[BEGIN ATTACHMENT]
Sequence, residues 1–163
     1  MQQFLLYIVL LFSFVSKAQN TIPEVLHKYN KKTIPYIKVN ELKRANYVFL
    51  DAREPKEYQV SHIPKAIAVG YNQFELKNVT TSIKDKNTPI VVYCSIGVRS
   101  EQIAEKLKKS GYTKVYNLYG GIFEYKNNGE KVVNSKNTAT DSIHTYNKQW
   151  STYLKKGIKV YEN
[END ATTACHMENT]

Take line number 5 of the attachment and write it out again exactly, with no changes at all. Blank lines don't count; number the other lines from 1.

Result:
   151  STYLKKGIKV YEN